The author wants us to be successful investors. And to be successful we need to maximize our returns over the long-term, which allows us to experience the magic of compounding. To help us do this, Bogle advises us to:

  1. Minimize fees (fees and risk)
  2. Keep it simple (passive, not active, no emotions)
  3. Select fee-only advisors

#1. Minimize Fees

Bogle identifies fees as the single greatest source of loss for investors. He doesn’t mince words either: he finds the fact that the financial industry keeps the lion’s share of market returns (70%+) repugnant, especially given the fact that these organizations put up none of the capital and take on none of the risk. The author also cautions that fees are everywhere, some hidden and some in plain view (front loads, back loads, MERs, trading activity within actively traded funds, transaction fees, advisor fees, etc.).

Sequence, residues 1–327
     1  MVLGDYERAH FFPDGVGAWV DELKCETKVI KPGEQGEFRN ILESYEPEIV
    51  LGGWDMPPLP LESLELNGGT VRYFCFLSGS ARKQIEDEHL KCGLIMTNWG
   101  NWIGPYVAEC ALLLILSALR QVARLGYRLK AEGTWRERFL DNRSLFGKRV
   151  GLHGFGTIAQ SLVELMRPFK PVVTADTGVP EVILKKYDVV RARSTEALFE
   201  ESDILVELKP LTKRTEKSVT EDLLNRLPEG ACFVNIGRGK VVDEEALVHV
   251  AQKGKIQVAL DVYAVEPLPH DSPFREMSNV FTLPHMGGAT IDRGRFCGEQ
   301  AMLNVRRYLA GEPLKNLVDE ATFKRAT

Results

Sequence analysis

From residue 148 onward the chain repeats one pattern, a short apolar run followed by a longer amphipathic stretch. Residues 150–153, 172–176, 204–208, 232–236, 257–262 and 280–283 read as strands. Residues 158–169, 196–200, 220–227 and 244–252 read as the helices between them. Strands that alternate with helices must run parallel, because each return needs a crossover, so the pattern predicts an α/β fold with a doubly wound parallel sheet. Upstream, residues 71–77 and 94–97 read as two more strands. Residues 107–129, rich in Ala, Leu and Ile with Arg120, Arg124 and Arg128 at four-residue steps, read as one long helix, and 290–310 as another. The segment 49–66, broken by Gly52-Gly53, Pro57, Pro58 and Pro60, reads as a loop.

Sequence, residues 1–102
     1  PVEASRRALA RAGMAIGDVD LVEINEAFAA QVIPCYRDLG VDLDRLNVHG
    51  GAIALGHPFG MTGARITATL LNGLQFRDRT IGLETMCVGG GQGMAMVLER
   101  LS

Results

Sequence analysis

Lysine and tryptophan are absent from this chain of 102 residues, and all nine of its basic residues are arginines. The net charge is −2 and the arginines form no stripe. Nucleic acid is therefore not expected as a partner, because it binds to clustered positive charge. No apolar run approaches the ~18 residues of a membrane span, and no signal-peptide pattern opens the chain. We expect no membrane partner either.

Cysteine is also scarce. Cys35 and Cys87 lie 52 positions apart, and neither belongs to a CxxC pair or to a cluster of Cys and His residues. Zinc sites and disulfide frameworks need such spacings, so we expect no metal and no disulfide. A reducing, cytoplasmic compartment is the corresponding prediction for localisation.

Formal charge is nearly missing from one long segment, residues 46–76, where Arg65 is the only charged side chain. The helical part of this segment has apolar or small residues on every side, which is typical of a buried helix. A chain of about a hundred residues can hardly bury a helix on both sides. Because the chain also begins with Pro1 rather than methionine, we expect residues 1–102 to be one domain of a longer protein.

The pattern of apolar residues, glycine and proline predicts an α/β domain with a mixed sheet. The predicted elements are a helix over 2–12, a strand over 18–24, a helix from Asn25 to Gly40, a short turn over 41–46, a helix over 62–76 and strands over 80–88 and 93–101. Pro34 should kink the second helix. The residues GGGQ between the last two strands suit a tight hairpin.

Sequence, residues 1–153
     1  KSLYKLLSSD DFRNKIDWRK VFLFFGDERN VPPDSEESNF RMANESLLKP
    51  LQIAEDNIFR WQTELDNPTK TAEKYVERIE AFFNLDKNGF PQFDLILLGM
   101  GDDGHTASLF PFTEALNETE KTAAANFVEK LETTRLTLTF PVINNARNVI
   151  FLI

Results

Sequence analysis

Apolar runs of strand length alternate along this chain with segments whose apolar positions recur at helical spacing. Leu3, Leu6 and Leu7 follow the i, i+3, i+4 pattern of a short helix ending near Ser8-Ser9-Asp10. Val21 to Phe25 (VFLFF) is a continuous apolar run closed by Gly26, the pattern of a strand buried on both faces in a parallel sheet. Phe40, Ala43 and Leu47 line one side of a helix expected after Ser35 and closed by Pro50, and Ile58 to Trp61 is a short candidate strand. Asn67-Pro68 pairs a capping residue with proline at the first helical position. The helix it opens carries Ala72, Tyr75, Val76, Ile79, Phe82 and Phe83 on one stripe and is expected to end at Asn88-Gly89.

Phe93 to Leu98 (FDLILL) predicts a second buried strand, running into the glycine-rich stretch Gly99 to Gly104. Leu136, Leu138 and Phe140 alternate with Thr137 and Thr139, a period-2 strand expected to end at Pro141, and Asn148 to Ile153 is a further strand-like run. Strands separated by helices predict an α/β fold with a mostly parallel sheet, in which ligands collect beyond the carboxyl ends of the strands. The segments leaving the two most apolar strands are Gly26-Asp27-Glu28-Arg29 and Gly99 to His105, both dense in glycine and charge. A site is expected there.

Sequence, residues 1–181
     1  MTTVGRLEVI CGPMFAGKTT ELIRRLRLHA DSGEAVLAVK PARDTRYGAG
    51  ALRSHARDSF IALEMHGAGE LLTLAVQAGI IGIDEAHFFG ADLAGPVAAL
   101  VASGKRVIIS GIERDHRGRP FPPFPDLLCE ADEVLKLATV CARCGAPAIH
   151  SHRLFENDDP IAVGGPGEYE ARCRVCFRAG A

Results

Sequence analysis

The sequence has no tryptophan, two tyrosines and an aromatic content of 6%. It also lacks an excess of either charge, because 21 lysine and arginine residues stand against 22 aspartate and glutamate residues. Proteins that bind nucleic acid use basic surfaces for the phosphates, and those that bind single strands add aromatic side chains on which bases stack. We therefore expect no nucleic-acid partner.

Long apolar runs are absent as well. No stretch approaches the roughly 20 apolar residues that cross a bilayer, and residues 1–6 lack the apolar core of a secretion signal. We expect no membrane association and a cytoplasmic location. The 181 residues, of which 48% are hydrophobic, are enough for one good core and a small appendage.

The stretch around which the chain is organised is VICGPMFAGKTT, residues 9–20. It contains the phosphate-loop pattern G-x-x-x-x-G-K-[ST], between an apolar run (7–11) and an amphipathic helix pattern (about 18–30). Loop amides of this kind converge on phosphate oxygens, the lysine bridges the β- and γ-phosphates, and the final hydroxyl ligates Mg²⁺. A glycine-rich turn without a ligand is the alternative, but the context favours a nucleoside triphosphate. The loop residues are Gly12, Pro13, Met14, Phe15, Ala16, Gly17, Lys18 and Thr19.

But there has to be some benefit in paying more because the funds must be outperforming the market, right? Not so, based on history. Looking back at mutual fund performance from 1970 to 2005, most actively-managed mutual funds don’t survive. For those that do, only 1/5 match market returns or better and only 1/14 beat the market (see exhibit 8.1 chart below). And out of these, less than 1% delivered sustained performance. That’s 3 out of 355 funds! Those are very slim odds that make paying higher fees for superior performance seem like a fool’s errand.

If the above didn’t seem compelling enough, Bogle has found a high correlation between fees and risk. The higher the fees, the greater the investment risk.